On the specific subject of diel controls, researchers found:
- Diel pCO2 variability is not ubiquitous in streams of the northern hemisphere
- Diel cycles are likely due to primary productivity in the channel as opposed to other processes
- The sites with consistent diel pCO2 patterns were all characterized by open canopies, whereas sites lacking diel patterns were typically shaded by full canopies during the growing sea- son
- They can confidently predict that diel CO2 cycles will be prevalent in most open canopy systems
On respiration, researchers found:
- They were able to detect a late summer peak in concentrations at all but one of their sites, and suggest that this pattern is due to increased respiration during the warmest period of the year
- A thorough study of individual streams will be needed to identify whether the summer pCO2 maximum is a terrestrial or aquatic phenomenon
And on storm controls, researchers found:
- There were pCO2 responses to increasing discharge in some sites, but the magnitude of responses varied widely
- There were negative and positive discharge responses on one site, depending on the location of the sensor (upstream vs. downstream), suggesting that concentration-discharge relationships can be site and/or time specific in headwater catchments
- Analysis of the histograms leads researchers to conclude that storms do not likely dominate pCO2 variability over longer time scales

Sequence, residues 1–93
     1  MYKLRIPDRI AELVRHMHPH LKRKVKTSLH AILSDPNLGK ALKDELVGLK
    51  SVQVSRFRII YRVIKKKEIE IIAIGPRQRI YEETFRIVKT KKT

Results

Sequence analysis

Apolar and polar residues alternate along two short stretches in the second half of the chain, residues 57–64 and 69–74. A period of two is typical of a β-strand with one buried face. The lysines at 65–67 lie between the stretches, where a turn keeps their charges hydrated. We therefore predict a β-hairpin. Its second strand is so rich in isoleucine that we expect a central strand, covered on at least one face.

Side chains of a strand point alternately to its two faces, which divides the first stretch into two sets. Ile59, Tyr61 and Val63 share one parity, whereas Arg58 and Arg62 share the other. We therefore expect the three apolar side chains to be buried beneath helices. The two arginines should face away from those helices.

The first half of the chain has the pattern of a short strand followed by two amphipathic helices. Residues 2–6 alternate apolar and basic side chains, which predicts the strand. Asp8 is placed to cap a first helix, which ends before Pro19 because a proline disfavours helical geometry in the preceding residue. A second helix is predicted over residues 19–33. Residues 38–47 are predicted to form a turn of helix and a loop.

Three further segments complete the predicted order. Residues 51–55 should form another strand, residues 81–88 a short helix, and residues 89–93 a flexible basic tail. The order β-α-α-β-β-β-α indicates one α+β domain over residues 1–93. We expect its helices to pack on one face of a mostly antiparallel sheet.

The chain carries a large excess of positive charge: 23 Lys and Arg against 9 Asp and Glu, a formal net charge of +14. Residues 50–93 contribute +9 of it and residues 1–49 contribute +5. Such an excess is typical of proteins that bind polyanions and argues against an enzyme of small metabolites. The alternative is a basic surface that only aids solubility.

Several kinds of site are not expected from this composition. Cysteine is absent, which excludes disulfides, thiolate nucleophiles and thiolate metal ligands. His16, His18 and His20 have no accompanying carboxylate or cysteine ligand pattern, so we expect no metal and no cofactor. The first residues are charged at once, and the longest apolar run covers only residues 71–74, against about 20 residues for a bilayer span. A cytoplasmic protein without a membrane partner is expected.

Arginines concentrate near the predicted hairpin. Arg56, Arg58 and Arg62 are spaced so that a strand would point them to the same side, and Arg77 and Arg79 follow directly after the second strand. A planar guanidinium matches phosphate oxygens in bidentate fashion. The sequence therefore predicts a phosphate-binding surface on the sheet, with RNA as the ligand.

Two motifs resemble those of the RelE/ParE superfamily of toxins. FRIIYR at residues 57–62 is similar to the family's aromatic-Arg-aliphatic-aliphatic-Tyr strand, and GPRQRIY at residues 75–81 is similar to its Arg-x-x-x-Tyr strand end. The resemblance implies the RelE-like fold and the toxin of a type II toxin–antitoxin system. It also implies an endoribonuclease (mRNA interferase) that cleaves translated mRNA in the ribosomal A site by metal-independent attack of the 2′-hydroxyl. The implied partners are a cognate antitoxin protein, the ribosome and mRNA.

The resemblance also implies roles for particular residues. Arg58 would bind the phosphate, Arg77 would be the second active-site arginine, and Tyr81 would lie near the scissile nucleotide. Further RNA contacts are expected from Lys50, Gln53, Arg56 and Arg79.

Researchers used different analysis techniques to determine the correlation between variables in each hypothesis. The results showed there were distinct patterns among sites. At every location, researchers found that during the majority of the testing period there was a supersaturation of pCO2. Some streams showed a positive pCO2 response after storm events, but others had varied responses. All sites, however, had a parabolic pattern with their maximum pCO2 in the summer months. As researchers put it, the main conclusion from this study is that “stream CO2 is highly variable, with few, if any common traits that can be used to generalize differences among sites. Highly variable and idiosyncratic pCO2 time-series appear to be the norm across the globe…” There was evidence for each independent hypothesis, leading researchers to the additional conclusion that these different traits (aquatic primary production, respiration and storm events) are not mutually exclusive, and each contribute to stream CO2 levels in a different way. In essence, this study supports the idea that headwater streams are highly variable, with heterogeneous qualities in space and time. These new sensors, then, are useful for very localized processes (such as aquatic metabolism) and, when used with other tools, can be useful in understanding these aquatic processes.